It was a great privilege for Elijah’s Director of Educational Activities, Peta Jones Pellach, to be invited to help organise and accompany a group of Indonesian academics and leaders who visited Israel in January. The concept was to honour Gus Dur, former Indonesian President Aburrahman Wahid, who was a great believer in dialogue and promoted relations with Israel, having visited several times himself. He was a founding member of the Elijah Board of World Religious Leaders and so it was a natural partnership for our organisation to step in and prepare some of the meetings with religious personalities here.
Almost as soon as the 5 men and 2 women from Indonesia landed, they were taken to the Tayelet in Talpiot to get one of the best views of the Old City. There, Peta gave them a brief orientation to the history and politics of Jerusalem. All the members of the group were leaders. The women are not only political and academic leaders but also media personalities. Indonesia has 240 million inhabitants. Each of our visitors influences millions through their political activism. The impressions they gained here have the potential to alter Israel-Indonesian relations.
Their tour of Jerusalem included visiting Jewish sites, Muslim sites and the Church of the Holy Sepulchre, in an effort to share multiple narratives.
Their first day included a meeting at the Ministry of Foreign Affairs with Rami Hatan, the Director for Religious Affairs, followed by a dinner where the delegation met other players in interreligious life and relations with Indonesia, including Elijah’s founder and director, Alon Goshen-Gottstein.
The following morning, continuing our determination to share multiple narratives, we went to Bethlehem to hear from Palestinians their perspective on the prospects for peace. We began at the Aida Refugee Camp, where there was a newly installed memorial for victims of the summer’s war with Gaza. The entrance to the camp is adorned with this huge key, symbolising the homes Palestinian Arabs left in 1947-9. This is one of the most problematic symbols of the relationship between Israel and the Palestinian leadership. The visitors were astute enough to recognise the challenge. After hearing from Monjed Jadou, an activist and journalist, and the mayor of Bethlehem, the group agreed to be photographed under the photos of Arafat and Abu Mazen and Palestinian flags.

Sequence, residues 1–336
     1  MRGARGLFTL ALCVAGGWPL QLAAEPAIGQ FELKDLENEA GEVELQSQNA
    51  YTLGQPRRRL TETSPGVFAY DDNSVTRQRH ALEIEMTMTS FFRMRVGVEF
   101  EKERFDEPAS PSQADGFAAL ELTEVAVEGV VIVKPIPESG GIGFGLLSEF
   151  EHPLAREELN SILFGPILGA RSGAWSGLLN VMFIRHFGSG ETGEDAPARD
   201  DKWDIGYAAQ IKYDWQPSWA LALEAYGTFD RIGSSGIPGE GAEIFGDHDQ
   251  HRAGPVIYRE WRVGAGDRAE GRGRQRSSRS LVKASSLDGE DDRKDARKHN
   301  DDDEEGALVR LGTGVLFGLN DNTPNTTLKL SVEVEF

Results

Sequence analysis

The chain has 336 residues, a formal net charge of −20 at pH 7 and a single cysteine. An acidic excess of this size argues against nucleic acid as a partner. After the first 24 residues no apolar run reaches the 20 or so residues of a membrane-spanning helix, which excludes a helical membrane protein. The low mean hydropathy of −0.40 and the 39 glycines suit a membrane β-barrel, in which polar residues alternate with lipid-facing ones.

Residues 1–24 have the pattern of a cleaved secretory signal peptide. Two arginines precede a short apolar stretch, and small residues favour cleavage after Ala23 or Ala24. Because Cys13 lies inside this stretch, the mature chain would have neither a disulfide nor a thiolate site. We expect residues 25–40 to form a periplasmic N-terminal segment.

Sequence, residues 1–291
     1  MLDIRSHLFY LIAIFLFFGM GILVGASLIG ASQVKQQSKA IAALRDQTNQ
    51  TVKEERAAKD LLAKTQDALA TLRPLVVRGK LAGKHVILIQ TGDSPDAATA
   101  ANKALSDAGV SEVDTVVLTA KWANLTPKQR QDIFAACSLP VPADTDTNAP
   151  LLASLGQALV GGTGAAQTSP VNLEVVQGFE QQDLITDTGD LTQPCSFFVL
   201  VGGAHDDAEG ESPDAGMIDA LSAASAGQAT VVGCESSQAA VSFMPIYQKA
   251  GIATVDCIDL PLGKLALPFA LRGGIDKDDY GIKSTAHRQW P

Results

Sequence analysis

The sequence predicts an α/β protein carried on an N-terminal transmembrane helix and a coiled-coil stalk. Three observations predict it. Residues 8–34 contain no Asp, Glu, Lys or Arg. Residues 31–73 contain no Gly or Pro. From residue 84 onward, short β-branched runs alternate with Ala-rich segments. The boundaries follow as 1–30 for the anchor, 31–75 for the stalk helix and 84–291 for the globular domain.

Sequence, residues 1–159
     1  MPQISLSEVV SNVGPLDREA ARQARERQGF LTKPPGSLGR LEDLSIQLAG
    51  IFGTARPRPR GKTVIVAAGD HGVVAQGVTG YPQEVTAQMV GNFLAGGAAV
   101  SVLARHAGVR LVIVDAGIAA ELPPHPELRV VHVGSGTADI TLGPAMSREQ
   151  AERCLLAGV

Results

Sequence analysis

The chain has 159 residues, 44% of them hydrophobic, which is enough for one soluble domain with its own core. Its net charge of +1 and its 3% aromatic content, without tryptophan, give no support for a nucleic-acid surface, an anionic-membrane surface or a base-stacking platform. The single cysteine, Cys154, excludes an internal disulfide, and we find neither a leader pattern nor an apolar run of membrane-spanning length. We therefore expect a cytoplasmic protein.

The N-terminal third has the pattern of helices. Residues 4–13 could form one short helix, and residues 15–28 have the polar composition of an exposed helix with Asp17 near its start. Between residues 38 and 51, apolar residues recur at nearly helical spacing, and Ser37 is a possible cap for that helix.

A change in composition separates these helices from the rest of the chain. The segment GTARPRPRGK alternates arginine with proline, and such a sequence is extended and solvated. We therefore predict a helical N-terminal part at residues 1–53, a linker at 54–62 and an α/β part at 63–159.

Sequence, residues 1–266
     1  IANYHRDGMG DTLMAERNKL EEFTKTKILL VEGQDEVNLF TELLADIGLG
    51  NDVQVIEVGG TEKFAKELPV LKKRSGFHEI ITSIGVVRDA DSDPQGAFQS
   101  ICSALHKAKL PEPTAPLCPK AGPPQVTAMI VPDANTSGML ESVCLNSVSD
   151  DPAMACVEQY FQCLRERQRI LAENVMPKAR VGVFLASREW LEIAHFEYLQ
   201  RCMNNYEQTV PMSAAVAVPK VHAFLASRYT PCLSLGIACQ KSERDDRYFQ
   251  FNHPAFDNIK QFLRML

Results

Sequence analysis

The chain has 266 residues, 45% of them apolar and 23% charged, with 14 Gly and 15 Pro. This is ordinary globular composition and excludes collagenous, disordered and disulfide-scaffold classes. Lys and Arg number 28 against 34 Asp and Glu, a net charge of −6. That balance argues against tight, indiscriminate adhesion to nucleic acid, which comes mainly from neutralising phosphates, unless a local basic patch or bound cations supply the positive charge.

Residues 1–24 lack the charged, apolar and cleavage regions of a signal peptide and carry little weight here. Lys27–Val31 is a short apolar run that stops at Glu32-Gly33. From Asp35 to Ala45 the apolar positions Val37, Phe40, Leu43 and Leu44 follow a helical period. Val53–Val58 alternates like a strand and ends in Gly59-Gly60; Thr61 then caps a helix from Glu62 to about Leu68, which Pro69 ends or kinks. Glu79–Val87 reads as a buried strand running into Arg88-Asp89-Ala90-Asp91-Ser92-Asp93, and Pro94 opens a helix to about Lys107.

The afternoon was a great contrast. The group went to Yad Vashem to learn about the Shoah (Holocaust) and how it is commemorated and taught in Israel. Before beginning the tour, the Indonesians needed to find time and a place for afternoon prayers. What could be more moving than in the garden which honours ‘righteous Gentiles’, overlooking the Jerusalem forest? Seeing the Museum was emotionally exhausting and it was a visible relief to emerge at the other side. But our visitors did not leave before seeing the railway car – one of three originals that is preserved – with its multiple messages of commemoration for those lost and hope for the future.
That was far from the end of the day. The group heard from Khaled Abu Toameh, an Israeli-Arab journalist, who was most pessimistic about peace prospects. He is a loyal Israeli citizen, who has no desire to be part of an Arab-Palestinian state, so his perspective is very interesting. Then it was off to Abu Gosh for a visit to the magnificent mosque and dinner with interfaith activist, Issa Jaber.
Keeping up the pace, the next morning the group went south to Sderot, the town which has sustained thousands of rockets from Gaza over the past decade. Noam Bedein described the situation and how the civilian population has been affected. The amazing thing about Sderot is that life carries on as normal. There is even a spate of construction of new housing. This playground is famous as every piece of play equipment also functions as a bomb shelter.